Why You Should Pay Your Kids to Perform Household Tasks

Why You Should Pay Your Kids to Perform Household Tasks

When my younger brother and I were kids, we were expected to help out around the house.

Both of our parents worked, so we had to do a few chores each week in order to keep the household running smoothly. Part of the time we got paid for what we did and part of the time we didn’t. It just depended on what we did and if it was expected or “above and beyond”.

Reflecting back on those times I think our parents paid us when they could afford to. However, when money was tight for them it didn’t always happen. Now that I am an adult I feel like there are a lot of good reasons why you should pay your kids to perform household tasks.

1. They Learn the Value of Money

Pay your children for part of the work they do instead of all of it. Taking this type of approach prevents them from thinking they should get paid for every little thing. At the same time, if you allow them some discretion in their spending, you help them learn the value of money.

2. It Builds Self-esteem

Your kids are not your slaves and should not be treated as if they are. While it’s perfectly fine to have them do some of the work around the house you need to set an example and do some of the work as well.

That being said, perhaps you could make a chart, list, or chore jar with each task written down and the amount it represents. In addition, add some chores that are expected to be done without pay. For us, this were things such as loading and unloading the dishwasher or setting the table each night for supper.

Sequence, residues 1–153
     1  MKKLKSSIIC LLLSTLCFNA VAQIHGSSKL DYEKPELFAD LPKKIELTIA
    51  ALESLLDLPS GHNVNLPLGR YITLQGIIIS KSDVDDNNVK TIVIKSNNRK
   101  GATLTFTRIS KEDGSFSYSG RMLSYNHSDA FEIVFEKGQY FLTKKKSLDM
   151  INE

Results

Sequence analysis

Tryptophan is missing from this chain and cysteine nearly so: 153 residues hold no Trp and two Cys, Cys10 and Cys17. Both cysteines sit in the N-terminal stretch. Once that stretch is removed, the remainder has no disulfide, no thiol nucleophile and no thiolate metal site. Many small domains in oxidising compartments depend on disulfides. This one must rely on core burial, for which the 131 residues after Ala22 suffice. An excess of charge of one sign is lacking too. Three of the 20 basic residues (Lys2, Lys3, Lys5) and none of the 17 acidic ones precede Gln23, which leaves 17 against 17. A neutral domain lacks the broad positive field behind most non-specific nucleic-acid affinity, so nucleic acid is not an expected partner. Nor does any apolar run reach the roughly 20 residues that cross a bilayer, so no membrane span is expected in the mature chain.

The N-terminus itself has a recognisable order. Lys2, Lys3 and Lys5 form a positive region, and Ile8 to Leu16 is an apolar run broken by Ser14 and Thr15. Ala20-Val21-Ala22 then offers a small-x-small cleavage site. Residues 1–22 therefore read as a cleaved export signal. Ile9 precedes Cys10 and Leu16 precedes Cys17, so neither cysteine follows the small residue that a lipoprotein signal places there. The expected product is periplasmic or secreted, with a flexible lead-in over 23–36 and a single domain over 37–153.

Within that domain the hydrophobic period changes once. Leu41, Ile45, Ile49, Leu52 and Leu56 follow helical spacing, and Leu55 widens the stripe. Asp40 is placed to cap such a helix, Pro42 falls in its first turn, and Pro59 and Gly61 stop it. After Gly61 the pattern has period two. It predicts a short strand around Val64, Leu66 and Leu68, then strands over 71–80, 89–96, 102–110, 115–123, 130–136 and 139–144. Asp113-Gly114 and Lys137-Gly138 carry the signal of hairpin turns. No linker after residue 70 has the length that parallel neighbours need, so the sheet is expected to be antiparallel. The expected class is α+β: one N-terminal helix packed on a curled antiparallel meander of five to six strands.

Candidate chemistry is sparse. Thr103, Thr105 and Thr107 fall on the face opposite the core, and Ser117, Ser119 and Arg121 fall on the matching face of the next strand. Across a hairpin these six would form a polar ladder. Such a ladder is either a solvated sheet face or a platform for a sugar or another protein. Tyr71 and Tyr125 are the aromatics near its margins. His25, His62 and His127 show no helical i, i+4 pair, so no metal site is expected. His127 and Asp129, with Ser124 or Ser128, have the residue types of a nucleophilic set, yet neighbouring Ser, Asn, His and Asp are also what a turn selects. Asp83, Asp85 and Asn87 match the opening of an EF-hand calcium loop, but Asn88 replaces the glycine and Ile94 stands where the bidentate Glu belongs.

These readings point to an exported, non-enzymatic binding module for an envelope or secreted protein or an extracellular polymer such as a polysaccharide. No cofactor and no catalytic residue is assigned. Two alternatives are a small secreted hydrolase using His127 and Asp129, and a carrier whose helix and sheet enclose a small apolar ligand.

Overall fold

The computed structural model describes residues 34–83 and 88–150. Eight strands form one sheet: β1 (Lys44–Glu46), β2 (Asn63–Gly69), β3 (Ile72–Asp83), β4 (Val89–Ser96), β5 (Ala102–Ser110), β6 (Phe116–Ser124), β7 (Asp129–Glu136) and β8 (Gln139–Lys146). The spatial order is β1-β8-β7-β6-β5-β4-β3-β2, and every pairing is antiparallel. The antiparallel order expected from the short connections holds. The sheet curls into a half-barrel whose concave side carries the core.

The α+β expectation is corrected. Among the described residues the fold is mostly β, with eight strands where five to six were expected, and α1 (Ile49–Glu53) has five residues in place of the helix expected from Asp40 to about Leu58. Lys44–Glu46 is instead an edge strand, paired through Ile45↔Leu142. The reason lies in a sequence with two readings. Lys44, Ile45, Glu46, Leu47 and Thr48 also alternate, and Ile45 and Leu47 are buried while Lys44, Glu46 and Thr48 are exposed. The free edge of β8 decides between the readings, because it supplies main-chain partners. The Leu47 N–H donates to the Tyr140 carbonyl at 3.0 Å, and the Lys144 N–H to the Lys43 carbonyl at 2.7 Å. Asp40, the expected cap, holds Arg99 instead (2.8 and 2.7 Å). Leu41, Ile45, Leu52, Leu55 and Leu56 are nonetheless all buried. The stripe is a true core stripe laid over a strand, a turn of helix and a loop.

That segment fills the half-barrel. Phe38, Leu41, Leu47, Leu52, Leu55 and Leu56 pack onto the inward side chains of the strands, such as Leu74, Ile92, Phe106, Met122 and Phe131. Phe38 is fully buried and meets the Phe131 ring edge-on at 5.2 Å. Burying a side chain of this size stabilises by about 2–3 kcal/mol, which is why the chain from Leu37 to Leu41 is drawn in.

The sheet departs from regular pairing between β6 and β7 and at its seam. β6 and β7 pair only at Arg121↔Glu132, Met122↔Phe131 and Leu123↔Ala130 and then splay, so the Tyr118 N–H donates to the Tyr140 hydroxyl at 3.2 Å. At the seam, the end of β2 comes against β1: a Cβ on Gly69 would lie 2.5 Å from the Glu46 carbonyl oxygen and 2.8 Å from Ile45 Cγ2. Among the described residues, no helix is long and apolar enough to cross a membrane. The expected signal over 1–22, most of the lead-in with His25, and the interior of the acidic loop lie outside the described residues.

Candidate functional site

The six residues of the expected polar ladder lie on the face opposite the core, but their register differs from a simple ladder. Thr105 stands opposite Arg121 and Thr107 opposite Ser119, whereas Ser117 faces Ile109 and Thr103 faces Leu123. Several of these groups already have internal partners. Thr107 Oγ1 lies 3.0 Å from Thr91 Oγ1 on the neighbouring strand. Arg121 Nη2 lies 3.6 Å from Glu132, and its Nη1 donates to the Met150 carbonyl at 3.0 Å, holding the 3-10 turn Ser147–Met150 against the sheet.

When your kids do a good job, whether the job was a paid one or not, praise them for a job well done. Helping the family unit by being assigned some age-appropriate responsibilities can help them feel like an important member of the family.

3. Keeps Money in the Family

This reason for paying your children to do chores may seem selfish on the surface. But looking deeper, it makes sense.

When you pay your kids to do chores you may not have to hire outside help, such as a housekeeper. Instead of paying money to someone else, pay your children a reasonable wage. Allow them to spend a portion, give a portion to charity or the church, and save a portion. Once their savings has grown, open an interest bearing savings account in their name.

4. They Can Begin Managing Money

As your children learn the value of money they can also eventually learn to be good money managers. Teach them to keep track of their chore money at home in an envelope or jar in a safe place. Or, start a savings account right away and teach them to balance it regularly.

5. It Allows Them to Make Money Mistakes

When you let your kids spend a portion of the money they earn, you are allowing them to make money mistakes while they are young. The advantage of this is that the mistakes they are making are only being done with a few dollars. This may save them from wasting hundreds or thousands they could be spending foolishly as adults.

Once your kids reach adulthood they should already have a good idea of how to handle money from the years of practice and experience they have already had.

Teaching your children about money while they are young is crucial if you want them to succeed later in their lives. Paying your kids to perform household tasks can help them get there.

How do you feel about paying your kids to perform household tasks?

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  1. Like Mrs Picky Pincher, we’re planning to pay for extra tasks (e.g. big chores that we really don’t want to tackle) but for the usual chores we expect our future child (any day now hopefully!) to help out around the house as part of regular family duties.

  2. Oooh, this is a toughie. I do think it’s important to show kids that they’re expected to help with the household without expecting something in return. My vote would be for kids to have standard chores, and if they want to earn extra money, they can take on extra tasks. So maybe their chore is to sweep, and if they want to earn money, they can unload the dishwasher.

  3. Our son is only 2 but I really like the idea of paying him in some way to teach him about money management and the value of money. I remember when I first had money and needed to choose between two things I wanted… it was a surprise but I quickly learned to save and prioritize!

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